Word Nerd: 5 expressions for the December holiday season

5 Dec

December is here, and that means holiday season in many parts of the world. Sure, everyone is familiar with the more common holiday traditions, like Santa Claus and decorated trees. But if it’s your first December as an international student, you’re probably on a learning curve. Let us help you out!

1. Snow Day

This is North American English, but anyone who has lived through a few winters in the northern Europe or any other place that has snowy winters has enjoyed and/or suffered this phenomenon. Basically, it’s a day when it snows so heavily that commuting becomes impossible and schools, universities, and offices are forced to declare a holiday. Your options: stay at home and study, or bundle up, go outside, and have some fun!

2. Boxing Day

This has nothing to do with Mary Kom or Muhammad Ali. It has its roots in a centuries-old tradition in the UK of employers or customers giving a “Christmas box” to employees and tradespeople, containing gifts or money. Boxing Day is observed on the first weekday after Christmas – usually December 26 – and is a public holiday in the UK, Ireland, Australia, New Zealand, Canada, and parts of the US. The tradition of giving gifts to the needy and to those in service positions goes back maybe 1,000 years or more in many places.

3. Holiday Stress

Sometimes, students from cultures where Christmas is not a big celebration don’t get it – why should this season of joy be stressful? But the fact is that it can get stressful for several reasons. Campus student health centers, medical websites such as mayoclinic.org, and even the media, recognize that reality, and often offer expert tips to deal with it. These include suggestions such as planning ahead, sticking to a budget, and avoiding controversial topics at the dinner table.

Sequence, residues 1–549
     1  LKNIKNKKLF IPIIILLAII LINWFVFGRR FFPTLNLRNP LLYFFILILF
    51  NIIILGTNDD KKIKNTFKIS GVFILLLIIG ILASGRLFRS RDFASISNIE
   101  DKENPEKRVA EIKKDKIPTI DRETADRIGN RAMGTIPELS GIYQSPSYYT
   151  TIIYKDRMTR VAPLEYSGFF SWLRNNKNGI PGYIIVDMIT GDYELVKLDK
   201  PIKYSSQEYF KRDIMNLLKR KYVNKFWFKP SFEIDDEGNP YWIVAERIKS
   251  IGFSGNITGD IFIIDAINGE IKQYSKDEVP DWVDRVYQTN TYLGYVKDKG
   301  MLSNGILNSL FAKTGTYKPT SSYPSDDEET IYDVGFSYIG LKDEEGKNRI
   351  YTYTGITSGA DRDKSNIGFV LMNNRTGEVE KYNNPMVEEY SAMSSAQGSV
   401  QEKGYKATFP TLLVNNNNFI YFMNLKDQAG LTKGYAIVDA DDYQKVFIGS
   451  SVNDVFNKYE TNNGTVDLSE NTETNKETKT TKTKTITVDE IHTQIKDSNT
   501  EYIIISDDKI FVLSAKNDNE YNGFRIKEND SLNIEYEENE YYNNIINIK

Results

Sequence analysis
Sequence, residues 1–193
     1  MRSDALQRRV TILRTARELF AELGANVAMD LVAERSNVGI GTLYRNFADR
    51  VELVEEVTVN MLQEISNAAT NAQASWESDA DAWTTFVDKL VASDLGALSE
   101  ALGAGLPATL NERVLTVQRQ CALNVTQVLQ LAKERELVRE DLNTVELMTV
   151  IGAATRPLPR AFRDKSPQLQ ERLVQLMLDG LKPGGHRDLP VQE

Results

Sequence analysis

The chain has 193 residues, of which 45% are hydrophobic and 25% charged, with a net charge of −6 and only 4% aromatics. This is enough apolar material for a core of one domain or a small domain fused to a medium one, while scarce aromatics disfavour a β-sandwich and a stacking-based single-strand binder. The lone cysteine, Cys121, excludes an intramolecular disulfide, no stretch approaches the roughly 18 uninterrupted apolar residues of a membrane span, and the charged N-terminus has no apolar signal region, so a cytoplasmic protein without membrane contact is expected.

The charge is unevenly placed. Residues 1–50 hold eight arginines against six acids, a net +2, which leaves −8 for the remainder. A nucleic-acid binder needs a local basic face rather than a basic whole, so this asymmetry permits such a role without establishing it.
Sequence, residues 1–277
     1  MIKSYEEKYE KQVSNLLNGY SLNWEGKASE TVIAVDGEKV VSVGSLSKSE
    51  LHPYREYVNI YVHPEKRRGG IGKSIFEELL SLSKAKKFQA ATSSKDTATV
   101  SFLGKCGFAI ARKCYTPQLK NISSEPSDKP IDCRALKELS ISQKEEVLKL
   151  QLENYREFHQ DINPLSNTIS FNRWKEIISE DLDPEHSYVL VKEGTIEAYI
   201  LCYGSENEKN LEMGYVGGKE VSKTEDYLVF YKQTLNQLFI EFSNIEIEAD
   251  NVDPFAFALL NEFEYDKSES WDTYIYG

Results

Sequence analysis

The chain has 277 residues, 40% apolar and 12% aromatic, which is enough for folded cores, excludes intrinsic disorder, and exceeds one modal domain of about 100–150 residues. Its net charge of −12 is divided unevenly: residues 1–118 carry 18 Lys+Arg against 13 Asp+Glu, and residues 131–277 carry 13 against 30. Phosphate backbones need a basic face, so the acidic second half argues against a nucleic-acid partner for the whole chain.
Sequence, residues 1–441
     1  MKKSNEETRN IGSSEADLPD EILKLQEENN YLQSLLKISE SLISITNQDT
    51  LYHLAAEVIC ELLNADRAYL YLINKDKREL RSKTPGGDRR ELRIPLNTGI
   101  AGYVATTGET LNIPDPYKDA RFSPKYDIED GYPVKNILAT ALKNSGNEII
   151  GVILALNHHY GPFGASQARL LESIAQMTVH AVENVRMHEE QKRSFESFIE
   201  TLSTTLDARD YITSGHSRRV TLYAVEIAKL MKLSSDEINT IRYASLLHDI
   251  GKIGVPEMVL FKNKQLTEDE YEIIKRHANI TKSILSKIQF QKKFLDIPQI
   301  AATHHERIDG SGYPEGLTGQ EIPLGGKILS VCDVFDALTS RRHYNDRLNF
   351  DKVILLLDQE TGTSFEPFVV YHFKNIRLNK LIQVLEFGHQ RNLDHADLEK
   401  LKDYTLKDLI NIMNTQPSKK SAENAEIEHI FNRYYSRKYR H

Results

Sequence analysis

4. Krampus

Everyone knows that St. Nicholas, or Santa Claus, brings presents for nice children, and that naughty kids get only a lump of coal. But how do you get kids to be nice? The Germans came up with Krampus, a fearsome creature with horns and fangs, who comes to your house, carrying a chain and clanging bells. Krampus beats naughty children with a stick, and hauls off the worst of them to another world. Makes a lump of coal seem like a pretty good deal, doesn’t he? In the above video, actor Christoph Waltz explains the Krampus tradition in his native Austria.

5. Ded Moroz

To an English speaker, those words sound like the opposites of ‘lively’ and ‘cheerful’. But in Russian, ded means ‘grandfather’, and moroz is frost. Grandfather Frost is the Russian equivalent of Santa Claus. He brings children presents on New Year’s Eve. He’s usually accompanied by his granddaughter Snegurochka, or the Snow Maiden, who wears a silver-blue dress and furry hat.

Got some holiday expressions to add to our list? Leave a comment below, or email us!

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